Charl Schwartzel - How To Load Up Your Swing

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In this video, I'll show you how important weight shift and knee flex are in your golf swing for stability and power.

  • Shift your weight to your trail heel or ankle. 
  • You should feel 80-85% of the weight into this foot. 
  • Maintain the knee flex as you complete the backswing. 

This week we are going to be focusing in on the beautiful golf swing of Charl Schwartzel who just picked up a play off victory against Bill Haas this past weekend at the Valspar Championship.

                We're going to be talking about one really critical move in the golf swing that can allow you to stabilize your hips. It can also load you up with more power in your golf swing. So if you've been struggling with getting yourself into a good back swing position, then pay close attention to today's review. Let's go ahead and get started.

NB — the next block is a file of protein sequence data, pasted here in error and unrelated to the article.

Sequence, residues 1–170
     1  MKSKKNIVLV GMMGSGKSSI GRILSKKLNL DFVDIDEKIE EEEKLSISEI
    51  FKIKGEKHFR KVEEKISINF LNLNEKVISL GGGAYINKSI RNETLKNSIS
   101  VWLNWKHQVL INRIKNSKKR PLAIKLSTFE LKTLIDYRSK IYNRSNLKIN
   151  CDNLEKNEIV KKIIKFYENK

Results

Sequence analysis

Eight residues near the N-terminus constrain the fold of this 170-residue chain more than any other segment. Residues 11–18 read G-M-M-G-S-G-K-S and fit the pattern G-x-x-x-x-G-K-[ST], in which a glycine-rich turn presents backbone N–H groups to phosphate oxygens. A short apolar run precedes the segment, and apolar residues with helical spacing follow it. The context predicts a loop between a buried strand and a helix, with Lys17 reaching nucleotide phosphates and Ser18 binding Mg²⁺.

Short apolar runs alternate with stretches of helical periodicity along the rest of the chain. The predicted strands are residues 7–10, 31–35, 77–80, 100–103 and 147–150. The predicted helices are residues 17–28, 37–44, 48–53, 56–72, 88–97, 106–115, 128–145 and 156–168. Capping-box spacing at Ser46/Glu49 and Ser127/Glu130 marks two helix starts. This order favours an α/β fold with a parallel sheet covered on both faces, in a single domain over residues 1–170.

Okay everyone, so this week we are going to be focusing in on how to build a more powerful backswing by focusing in on two really key moves here that a lot of amateur golfers tend to struggle with, and that is number one shifting your weight, and number two maintaining the flex in your trail leg. Those are really critical for stability of the hips and also being able to load your golf swing up. I'm going to show you a perfect example here, and Charl Schwartzel is known by a lot of the peers on the PGA Tour of having one of the best swings in golf. He does have a lot of really good moving parts, very pretty golf swing to watch from beginning to end.

                We're going to be focusing in on two really critical areas that are going to help you. Number one, get into a better position at the top of the swing, and really get your focus on stabilizing your lower half. Let's go ahead and take a look here from a face on perspective first. What I want you to pay very close attention to, and this is a move that a lot of amateur golfers tend to not want to make off the golf ball because they feel like they're swaying off the ball.